Screening for sepsis was done. Laboratory investigations revealed increased C-reactive protein-169.8 mg/L, serum urea 227 mg/dl and serum creatinine was 3.6 mg/dl. Hemogram showed Hb 15.7 gm%, white blood cell count on admission was 24,200/cumm with 54% neutrophils and 40% lymphocytes 6% monocytes and platelet count of 92,000/mm 3 suggesting sepsis and prerenal failure. Blood collected at the time of admission flagged positive after 8 hours by BD BACTEC 9120 (Becton Dickinson). The isolate, Gram-negative bacilli is identified as Salmonella enterica serotype Paratyphi B (Agglutinating serum, Remel Europe, Ltd) which was sensitive to ampicillin, ceftriaxone, co-trimoxazole, ciprofloxacin, cefotaxim, ceftriaxone and piperacillin/tazobactam. Stool culture was negative. CSF culture was not done as there were no symptoms of meningeal irritation. Treatment was continued with same antibiotics. Baby's condition improved with 5 days of treatment and was discharged on 9 th day. Subsequently, the mother gave history of typhoid fever 3 years back. Mother's stool was cultured to rule out carrier state. Mother's stool culture yielded Salmonella enterica serotype Paratyphi B with the same antibiotic sensitivity pattern. Blood culture and Widal test were negative. Mother was advised to take treatment for carrier state and repeat stool culture after treatment. But she did not turn for follow-up.

  Discussion Top

Neonatal septicemia is a major cause of morbidity and mortality in developing countries. Survival depends on the urgent prompt diagnosis and institution of therapy.

The possible routes of acquiring neonatal Salmonellosis are by vertical transmission, feco-oral route, environmental transmission through contaminated top feeds, via breast milk and transplacental route. [2],[4],[5] In this case could be through perineal contamination during delivery or through feco-oral route as mother was a carrier.

Gastric acidity represents the initial barrier to Salmonella colonization and conditions that increase gastric pH significantly increase susceptibility to infection. Neonates and young infants have hypochlohydria and rapid gastric emptying, which contributes to their increased vulnerability to symptomatic Salmonellosis. In infants who typically take fluids, the inoculums size that can produce disease is also comparatively smaller because of faster transit through the stomach. [6]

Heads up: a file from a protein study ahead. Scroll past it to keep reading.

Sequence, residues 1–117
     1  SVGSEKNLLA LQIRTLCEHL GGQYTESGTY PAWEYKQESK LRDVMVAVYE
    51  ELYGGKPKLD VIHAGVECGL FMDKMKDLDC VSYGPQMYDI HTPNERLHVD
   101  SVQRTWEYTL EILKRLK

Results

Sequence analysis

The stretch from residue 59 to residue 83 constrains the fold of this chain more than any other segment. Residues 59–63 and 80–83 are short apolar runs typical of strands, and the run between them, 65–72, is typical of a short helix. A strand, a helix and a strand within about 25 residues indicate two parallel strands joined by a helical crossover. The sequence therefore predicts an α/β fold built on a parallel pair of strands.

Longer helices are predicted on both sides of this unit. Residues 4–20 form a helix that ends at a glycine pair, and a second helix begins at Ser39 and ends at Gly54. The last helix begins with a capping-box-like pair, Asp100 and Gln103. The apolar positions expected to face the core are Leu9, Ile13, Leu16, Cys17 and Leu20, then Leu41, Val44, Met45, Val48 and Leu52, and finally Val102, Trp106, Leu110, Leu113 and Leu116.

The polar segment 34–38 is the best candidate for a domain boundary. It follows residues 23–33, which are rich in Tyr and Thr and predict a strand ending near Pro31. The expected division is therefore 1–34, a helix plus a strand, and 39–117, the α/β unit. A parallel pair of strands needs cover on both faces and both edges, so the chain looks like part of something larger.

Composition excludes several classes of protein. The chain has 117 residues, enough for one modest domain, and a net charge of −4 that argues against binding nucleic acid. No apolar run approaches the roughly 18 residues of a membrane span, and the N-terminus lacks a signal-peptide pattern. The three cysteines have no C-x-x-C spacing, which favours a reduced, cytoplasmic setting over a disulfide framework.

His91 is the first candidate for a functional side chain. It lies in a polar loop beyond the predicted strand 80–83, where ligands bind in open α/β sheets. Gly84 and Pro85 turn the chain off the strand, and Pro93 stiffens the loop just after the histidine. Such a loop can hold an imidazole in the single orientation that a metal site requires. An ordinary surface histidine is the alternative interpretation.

Neonatal salmonellosis can be identified with a high index of suspicion. Salmonella species are a cause of early onset sepsis in neonates and identifying the source of infection is highly important in such cases.

  References Top

1.Dharsandia Milan R, Soni Sumeeta T, Vegad Mahendra M. Salmonella Paratyphi B meningitis, isolated from CSF. NJIRM 2010;1:55-6.  Back to cited text no. 1
2.Mohanty S, Gaind R, Sehgal R, Chellani H, Deb M. Neonatal sepsis due to Salmonella Typhi and Paratyphi A. J Infect Dev Ctries 2009;3:633-8.  Back to cited text no. 2
3.Malenie R. Neonatal septicaemia by Salmonella Paratyphi B. Indian J Med Microbiol 2006;24:76-7.  Back to cited text no. 3
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4.Raveendran R, Wattal C, Sharma A, Kler N, Garg P, Gujral K, et al. Vertical transmission of Salmonella Paratyphi A. Indian J Pediatr 2007;74:784-6.  Back to cited text no. 4
5.Cooke FJ, Ginwalla S, Hampton MD, Wain J, Ross-Russell R, Lever A, et al. Report of neonatal meningitis due to salmonella enteric serotype agona and review of breast milk-associated neonatal Salmonella Infections. J Clin Microbiol 2009;47:3045-9.  Back to cited text no. 5
6.Bhutto ZA. Nontyphoidal Salmonellosis Ch 190. In: Kliegman, Stanton, St Geme, Schor, Behrman, editors. Nelson Text book of Paediatrics. Vol. 1. 19 th ed. Saunders Elsevier; Philadelphia. 2012. p. 948-54.  Back to cited text no. 6